The holiday light market is now dominated by energy-efficient LEDs. According to BC Hydro:
The big difference is that they use up to 90 per cent less energy than incandescent lights, which means your holiday lighting charges could be as much as 90 per cent less than if you used incandescent lights only.
The charges could be 90 percent less. But will they be?
I'm writing this on March 8th. When I look out the window, I see my neighbour's holiday lights still shining brightly, even though we're closer to Easter than Christmas. Yes, I have a few lights up too.
In environmental economics, this phenomenon is called the rebound effect. But it's just basic economics - a reduction in price will increase the quantity demanded.
A refrigerator, for example, is on 24 hours a day anyways, and many people have only enough room in their home for one fridge. Because there is limited scope to increase refrigerator use, more energy-efficient fridges would be expected to lead to substantial energy savings.
But what about lighting? A recent paper by Jeff Tsao and co-authors shows the exponential growth of light consumption over three centuries in the U.K. The vertical axis has a logarithmic scale. This diagram shows that light consumption at the end of the 20th century was 100 times greater than light consumption at the beginning of the century.
This diagram documents the rapid increase in lighting consumption, but it doesn't tell us about the demand for lighting. That increase in consumption could reflect population growth, increased income, or decreased lighting costs.
Tsao and co-authors are physicists, not economists. If they were economists, they might say something like: with Cobb-Douglas preferences, the demand for lighting is given by:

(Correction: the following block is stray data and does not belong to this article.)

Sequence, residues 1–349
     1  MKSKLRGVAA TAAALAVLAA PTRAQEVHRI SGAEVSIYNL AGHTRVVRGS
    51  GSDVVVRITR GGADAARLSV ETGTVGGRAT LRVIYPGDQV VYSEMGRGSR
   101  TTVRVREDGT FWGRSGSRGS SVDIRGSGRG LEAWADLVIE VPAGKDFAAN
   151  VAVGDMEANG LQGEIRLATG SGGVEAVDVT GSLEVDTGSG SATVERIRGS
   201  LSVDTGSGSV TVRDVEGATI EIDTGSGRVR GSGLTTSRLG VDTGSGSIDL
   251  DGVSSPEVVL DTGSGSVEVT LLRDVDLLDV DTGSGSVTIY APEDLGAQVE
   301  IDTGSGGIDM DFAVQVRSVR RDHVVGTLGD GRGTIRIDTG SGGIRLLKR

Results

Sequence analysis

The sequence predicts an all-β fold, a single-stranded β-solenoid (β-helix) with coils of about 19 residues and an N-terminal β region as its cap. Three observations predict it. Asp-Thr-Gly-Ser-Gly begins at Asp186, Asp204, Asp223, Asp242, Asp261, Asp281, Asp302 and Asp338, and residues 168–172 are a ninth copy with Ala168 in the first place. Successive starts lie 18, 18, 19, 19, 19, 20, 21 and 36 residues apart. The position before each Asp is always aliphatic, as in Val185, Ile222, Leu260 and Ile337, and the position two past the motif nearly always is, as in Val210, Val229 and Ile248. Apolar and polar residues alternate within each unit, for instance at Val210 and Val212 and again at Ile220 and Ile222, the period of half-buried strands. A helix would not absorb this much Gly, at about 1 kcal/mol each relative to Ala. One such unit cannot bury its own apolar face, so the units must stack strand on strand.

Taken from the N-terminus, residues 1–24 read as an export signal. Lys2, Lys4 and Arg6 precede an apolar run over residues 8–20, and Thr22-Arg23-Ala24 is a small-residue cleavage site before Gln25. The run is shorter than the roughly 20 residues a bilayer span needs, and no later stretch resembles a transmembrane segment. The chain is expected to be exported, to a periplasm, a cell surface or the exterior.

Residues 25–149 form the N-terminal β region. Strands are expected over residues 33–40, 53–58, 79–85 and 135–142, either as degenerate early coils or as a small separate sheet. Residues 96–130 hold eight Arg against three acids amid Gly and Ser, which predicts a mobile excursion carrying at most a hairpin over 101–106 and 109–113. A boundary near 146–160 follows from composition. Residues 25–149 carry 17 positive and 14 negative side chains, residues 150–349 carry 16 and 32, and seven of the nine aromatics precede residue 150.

where q=quantity demanded, Y=income, and p=price of lighting. This demand function implies that expenditures on lighting, p*q, is a constant portion of GDP.
Because they are physicists, Tsao et al write it slightly differently:
φ = β (gdp/CoL)
where φ=per capita light consumption, and CoL is the cost of lighting. But it's just a standard Cobb-Douglas demand function, with slightly different notation.
They argue that this relationship provides a good fit to the available data on light consumption, with a value of β = 0.0072:
Tsao et al's research was reported in The Economist: "They predict that the introduction of solid-state lighting could increase the consumption of light by a factor of ten within two decades."
Now this is one of those instances when intermediate micro comes in handy.
Recall that Tsao et al assume Cobb-Douglas preferences. They are assuming that consumers devote a constant fraction of their income to lighting (CoL*φ = β*gdp). So it's hardly surprising that they predict a 90% decrease in the cost of lighting will increase the quantity demanded ten-fold. Given their assumptions, they could not possibly have obtained any other result.
In their defence one might say "but the data fit their assumed functional form pretty well." Unfortunately, it is very difficult to determine the right underlying functional form from just a few observations, most of which are piled one on top of another.
Tsao et al's results matter, because the size of the rebound effect is the subject of passionate debate. My sense is that some people feel that the existence of rebound effects undermines the case for development and adoption of new, more energy efficient technologies. Yet intermediate micro (or even Econ 1000) shows that this is wrong. As the first picture in this post shows, rebound effects make consumers better off, by increasing their 'consumer surplus', the difference between the benefits they get from consuming a good and the price they actually have to pay for it. Indeed, the bigger the rebound effect, the bigger the increase in the consumer surplus from the adoption of new technologies.
As for me, I'm just waiting for the snow to melt, and watching to see when the last of the winter lights get taken down.